10. A constant weight fluid flow control device, including: a duct for conveying fluid; a septum in said duct and provided with a restricted opening, said septum and opening providing in said duct a high pressure area and a relatively lower pressure area for effecting a fluid pressure differential therebetween; a hollow casing having a partition wall provided with an opening; a diaphragm extending across said opening, said partition and said diaphragm dividing the interior of said casing into two compartments; a first conduit connected between said high pressure area and one of said compartments; second conduit connected be tween said lower pressure area and the other of said compartments; rotatable valve means in said duct disposed downstream from said septum for regulating the rate of fluid flow through said duct; a reversible electric motor for rotating said valve means in either direction; a main electric circuit having a pair of branch circuits for said motor; a movable switch member in each of said branch circuits, said switch members being disposed in spaced relationship; a contact element connected in said main circuit and adjustable between said switch members, said contact element being operatively connected to said diaphragm to adapt it to be adjusted thereby, said diaphragm being adapted to be hollow casing having flexed in response to variations in fluid pressure diflerential in said compartments; means for intermittently moving said switch members into and out of engagement with said contact elements, to open or close either of said branch circuits, the position of said contact element as adjusted by the flexing of said diaphragm determining the duration of engagement of either switch member with said contact element to control the duration of intermittent energization of either of said branch circuits, said means for intermittently moving said switch means including cam means and power means for continuously operating said cam means, said cam means engaging both switch means and being operative to simultaneously move both said switch means; and means responsive to variations in fluid pressure and temperature in said duct to adjust said contact element.

11. A constant weight fluid flow control device, including: a duct for conveying fluid; a septum in said duct and provided with a restricted opening, said septum and opening providing in said duct a high pressure area and a relatively lower pressure area for eifecting a fluid pressure differential therebetween; a hollow casing having a partition wall provided with an opening; a diaphragm extending across said opening, said partition and said diaphragm dividing the in terior of said casing into two compartments; a first conduit connected between said high pressure area and one of said compartments; second conduit connected between said lower pressure area and other or said compartments; rotatable valve means in said duct for regulating the rate of fluid flow through said duct; a reversible electric motor for rotating said valve means in either direction; a main electric circuit having a pair of branch circuits for able switch member in each cuits, said switch members being disposed in spaced relationship; a contact element connected in said main circuit and adjustable between said switch members, said contact element being operatively connected to said diaphragm to adapt it to be adjusted thereby, said diaphragm being adapted to be flexed in response to variations in fluid pressure differential in said compartments; means for intermittently moving said switch members into and out of engagement with said contact element, to open or close either of said branch circuits, the position of said contact element as adjusted by the flexing of said diaphragm determining the duration of engagement of either switch member with said contact element to control the duration of intermittent energization of either of said branch circuits; and means responsive to variations in fluid density in said duct to adjust said contact element.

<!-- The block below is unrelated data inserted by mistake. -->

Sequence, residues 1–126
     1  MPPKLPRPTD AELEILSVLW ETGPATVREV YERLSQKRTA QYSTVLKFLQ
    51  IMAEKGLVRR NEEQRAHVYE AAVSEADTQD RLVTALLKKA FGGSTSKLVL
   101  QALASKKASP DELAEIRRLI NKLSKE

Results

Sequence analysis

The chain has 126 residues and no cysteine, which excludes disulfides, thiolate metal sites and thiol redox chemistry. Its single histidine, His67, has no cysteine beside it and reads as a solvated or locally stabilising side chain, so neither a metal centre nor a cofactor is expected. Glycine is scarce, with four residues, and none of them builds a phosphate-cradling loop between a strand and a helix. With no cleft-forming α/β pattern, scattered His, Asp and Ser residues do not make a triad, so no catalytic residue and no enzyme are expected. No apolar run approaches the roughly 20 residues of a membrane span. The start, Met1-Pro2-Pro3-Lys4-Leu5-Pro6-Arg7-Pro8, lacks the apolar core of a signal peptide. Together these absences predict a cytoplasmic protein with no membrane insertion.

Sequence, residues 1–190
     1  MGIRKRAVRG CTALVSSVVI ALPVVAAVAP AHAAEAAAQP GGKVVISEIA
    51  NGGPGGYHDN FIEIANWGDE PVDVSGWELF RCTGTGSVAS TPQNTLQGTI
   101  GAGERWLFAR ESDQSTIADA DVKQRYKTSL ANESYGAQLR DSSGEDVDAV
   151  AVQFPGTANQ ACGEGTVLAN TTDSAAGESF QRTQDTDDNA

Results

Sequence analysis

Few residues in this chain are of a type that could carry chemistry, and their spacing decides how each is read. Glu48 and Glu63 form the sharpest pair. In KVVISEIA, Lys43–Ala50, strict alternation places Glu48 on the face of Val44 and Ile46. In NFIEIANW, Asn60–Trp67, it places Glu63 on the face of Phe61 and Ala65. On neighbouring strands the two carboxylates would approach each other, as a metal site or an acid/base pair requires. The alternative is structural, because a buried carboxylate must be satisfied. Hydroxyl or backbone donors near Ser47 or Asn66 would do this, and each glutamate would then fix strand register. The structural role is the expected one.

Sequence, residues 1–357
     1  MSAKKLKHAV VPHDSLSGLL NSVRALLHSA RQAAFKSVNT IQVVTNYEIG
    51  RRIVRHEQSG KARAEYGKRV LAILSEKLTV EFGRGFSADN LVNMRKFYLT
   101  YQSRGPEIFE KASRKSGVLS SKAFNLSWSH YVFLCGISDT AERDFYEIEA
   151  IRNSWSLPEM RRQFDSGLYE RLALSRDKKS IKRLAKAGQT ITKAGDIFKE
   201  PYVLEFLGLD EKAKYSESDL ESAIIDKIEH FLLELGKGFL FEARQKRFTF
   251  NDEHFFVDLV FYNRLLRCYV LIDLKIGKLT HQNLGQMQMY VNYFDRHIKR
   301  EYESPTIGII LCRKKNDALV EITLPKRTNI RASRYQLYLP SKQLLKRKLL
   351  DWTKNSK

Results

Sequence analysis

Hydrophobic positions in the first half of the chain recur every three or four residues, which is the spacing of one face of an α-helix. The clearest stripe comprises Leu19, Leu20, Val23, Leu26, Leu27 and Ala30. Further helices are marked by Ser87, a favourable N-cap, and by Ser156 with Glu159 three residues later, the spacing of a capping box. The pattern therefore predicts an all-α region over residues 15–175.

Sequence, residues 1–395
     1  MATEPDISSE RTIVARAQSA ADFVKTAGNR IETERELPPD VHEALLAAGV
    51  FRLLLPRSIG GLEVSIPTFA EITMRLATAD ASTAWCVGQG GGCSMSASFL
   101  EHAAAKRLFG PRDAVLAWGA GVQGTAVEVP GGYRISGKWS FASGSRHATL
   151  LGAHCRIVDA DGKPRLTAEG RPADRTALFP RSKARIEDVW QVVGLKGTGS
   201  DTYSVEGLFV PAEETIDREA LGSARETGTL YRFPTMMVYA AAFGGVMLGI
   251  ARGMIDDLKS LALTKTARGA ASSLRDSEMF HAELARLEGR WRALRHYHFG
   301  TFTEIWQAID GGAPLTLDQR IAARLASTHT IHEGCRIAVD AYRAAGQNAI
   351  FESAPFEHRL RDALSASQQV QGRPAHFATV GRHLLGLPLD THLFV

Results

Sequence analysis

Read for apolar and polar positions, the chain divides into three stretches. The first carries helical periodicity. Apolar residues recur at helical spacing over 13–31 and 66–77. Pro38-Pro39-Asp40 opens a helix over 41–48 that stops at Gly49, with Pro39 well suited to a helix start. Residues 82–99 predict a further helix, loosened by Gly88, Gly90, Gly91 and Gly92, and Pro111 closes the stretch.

said motor; a movof said branch cir- JOHN E. COMEAU.

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Classifications
U.S. Classification137/468, 137/80, 251/129.4, 251/284, 137/488, 137/487.5, 137/486, 251/26
International ClassificationG05D7/06
Cooperative ClassificationG05D7/0635
European ClassificationG05D7/06F4B